Diaspora Affairs: The goal - fighting antisemitism

The impetus for the match was last October’s massacre at the Tree of Life synagogue in Pittsburgh.

By
May 20, 2019 08:31
Robert Kraft (left), owner of the New England Revolution and Bruce Buck, chairman of Chelsea FC, pos

Robert Kraft (left), owner of the New England Revolution and Bruce Buck, chairman of Chelsea FC, pose in front of their teams this week. . (photo credit: CHELSEA FOOTBALL CLUB)

 
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BOSTON – The score read Chelsea Football Club 3 and the New England Revolution 0, but the real winner at Wednesday night’s charity match at Gillette Stadium in Foxborough, Massachusetts, was the fight against the rising global spread of antisemitism.

Chelsea’s Russian-Israeli owner, Roman Abramovich, flew into Boston to watch the “Final Whistle on Hate” game with Revolution owner Robert Kraft along with an estimated 25,000 fans. Kraft, also the owner of the New England Patriots, and Abramovich each donated $1 million to the cause.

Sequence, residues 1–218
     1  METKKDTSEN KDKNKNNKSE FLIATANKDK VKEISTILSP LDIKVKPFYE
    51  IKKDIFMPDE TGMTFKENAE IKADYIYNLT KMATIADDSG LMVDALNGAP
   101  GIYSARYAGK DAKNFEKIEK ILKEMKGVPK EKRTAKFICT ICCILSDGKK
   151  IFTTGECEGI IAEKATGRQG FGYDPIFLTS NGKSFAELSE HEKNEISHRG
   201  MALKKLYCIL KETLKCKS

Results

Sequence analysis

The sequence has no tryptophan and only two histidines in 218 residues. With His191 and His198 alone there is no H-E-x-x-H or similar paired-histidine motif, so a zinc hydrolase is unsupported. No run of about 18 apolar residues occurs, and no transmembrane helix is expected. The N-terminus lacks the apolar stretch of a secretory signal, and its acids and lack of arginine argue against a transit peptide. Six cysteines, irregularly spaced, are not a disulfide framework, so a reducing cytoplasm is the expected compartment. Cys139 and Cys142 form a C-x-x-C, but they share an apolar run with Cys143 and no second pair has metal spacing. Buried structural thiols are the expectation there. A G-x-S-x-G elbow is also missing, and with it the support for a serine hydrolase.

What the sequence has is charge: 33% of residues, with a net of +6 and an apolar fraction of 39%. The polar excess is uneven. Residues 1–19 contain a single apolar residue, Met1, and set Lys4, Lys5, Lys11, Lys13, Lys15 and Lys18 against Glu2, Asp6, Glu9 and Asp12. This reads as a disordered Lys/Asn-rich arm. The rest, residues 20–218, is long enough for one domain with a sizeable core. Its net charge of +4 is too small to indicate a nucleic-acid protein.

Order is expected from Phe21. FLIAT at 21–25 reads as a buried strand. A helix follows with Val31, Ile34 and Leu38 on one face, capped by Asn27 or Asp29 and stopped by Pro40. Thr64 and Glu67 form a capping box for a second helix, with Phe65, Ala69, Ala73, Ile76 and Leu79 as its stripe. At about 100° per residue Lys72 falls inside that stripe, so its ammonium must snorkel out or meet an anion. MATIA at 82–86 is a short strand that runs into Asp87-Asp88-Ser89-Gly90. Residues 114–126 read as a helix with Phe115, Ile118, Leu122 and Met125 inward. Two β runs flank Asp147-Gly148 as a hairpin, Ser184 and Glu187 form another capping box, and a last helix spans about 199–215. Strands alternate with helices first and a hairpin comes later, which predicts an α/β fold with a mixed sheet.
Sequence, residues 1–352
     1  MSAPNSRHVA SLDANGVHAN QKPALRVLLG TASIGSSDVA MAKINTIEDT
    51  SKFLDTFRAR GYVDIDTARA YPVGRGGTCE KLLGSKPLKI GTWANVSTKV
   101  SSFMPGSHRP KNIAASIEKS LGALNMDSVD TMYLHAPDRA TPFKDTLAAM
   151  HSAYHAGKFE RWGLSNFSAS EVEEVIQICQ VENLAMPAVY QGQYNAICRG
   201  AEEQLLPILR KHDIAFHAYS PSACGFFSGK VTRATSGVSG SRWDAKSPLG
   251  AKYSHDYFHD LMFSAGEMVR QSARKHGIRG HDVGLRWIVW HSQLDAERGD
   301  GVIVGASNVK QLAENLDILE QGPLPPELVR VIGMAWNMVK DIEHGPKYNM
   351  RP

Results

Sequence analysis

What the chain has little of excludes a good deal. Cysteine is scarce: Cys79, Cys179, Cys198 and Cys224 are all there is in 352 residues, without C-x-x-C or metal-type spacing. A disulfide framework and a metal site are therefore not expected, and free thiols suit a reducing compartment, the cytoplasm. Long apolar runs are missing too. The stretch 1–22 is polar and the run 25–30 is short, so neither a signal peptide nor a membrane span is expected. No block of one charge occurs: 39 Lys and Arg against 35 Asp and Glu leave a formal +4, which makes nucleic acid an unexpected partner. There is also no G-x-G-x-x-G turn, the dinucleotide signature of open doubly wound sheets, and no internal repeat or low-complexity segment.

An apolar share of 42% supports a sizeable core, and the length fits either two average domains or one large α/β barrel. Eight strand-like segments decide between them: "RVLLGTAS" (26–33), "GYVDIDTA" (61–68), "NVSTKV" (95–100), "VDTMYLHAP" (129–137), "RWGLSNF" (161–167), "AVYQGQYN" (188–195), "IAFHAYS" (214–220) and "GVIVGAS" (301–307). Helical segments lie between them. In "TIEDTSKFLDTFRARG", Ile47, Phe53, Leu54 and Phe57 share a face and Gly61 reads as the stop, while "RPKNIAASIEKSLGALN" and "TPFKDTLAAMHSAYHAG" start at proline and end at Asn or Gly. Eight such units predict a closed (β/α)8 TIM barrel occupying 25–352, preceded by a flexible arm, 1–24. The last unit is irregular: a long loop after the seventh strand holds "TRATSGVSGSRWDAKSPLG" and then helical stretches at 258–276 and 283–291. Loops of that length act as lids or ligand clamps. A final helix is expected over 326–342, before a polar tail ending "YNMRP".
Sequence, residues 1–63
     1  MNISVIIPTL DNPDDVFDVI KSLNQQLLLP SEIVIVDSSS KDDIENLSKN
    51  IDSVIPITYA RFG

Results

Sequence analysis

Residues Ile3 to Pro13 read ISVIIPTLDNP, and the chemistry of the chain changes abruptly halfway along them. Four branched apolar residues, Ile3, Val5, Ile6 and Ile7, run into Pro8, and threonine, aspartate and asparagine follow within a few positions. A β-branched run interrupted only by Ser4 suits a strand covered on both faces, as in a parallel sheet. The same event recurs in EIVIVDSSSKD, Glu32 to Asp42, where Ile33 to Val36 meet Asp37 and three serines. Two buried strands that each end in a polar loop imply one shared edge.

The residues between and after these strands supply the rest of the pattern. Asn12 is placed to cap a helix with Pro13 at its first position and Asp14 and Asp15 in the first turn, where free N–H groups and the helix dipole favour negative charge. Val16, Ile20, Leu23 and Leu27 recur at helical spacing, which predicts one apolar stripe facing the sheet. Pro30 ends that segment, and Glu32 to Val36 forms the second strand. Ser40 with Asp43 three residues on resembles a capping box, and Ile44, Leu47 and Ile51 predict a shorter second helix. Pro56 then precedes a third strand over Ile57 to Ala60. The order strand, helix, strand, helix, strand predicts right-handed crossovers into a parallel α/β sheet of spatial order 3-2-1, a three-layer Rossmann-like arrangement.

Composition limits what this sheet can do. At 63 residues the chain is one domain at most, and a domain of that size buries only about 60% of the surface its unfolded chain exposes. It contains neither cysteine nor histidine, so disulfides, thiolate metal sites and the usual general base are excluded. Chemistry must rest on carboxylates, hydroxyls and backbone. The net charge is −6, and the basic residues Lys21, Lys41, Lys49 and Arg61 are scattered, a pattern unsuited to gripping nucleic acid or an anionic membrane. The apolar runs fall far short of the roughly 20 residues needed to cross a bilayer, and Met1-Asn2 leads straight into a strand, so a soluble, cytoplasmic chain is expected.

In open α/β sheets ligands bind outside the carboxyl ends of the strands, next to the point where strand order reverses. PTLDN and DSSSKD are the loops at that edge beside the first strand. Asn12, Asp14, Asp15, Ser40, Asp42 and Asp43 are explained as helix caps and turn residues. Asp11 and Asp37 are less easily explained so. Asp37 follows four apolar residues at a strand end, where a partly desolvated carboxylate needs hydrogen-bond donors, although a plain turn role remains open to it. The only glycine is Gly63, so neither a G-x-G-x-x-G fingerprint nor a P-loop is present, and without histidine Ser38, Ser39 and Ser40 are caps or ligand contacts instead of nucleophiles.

The cumulative funds raised from the donations and the game proceeds have been earmarked for 15 organizations that are working to combat antisemitism, including the ADL, the Combined Jewish Philanthropies of Boston, Hillel International, the Jewish Agency and StandWithUs.

“It’s just like Mr. Kraft to do something like this,” said Cindy, a server in one of the luxurious VIP boxes atop the stadium, where Kraft and Abramovich’s invited guests watched the match and enjoyed a sumptuous buffet. “I didn’t even know this was even a big issue, but if the Kraft family is involved, then it must be important.”

For Kraft, the 2019 Genesis Prize laureate, it’s indeed very important. The impetus for the match was last October’s massacre at the Tree of Life synagogue in Pittsburgh.

Abramovich’s “Say No To Antisemitism” campaign in British soccer had already been in full swing for over a year, and the two discussed the idea of launching a similar event in the US, Kraft said earlier Wednesday at a pregame luncheon at the John F. Kennedy Presidential Library and Museum in Boston.

Citing the personal stories of some of the victims, Kraft added, “You think about these innocent, wonderful people being slaughtered for no other reason than being in a house of worship in the United States and you realize something has to be done.”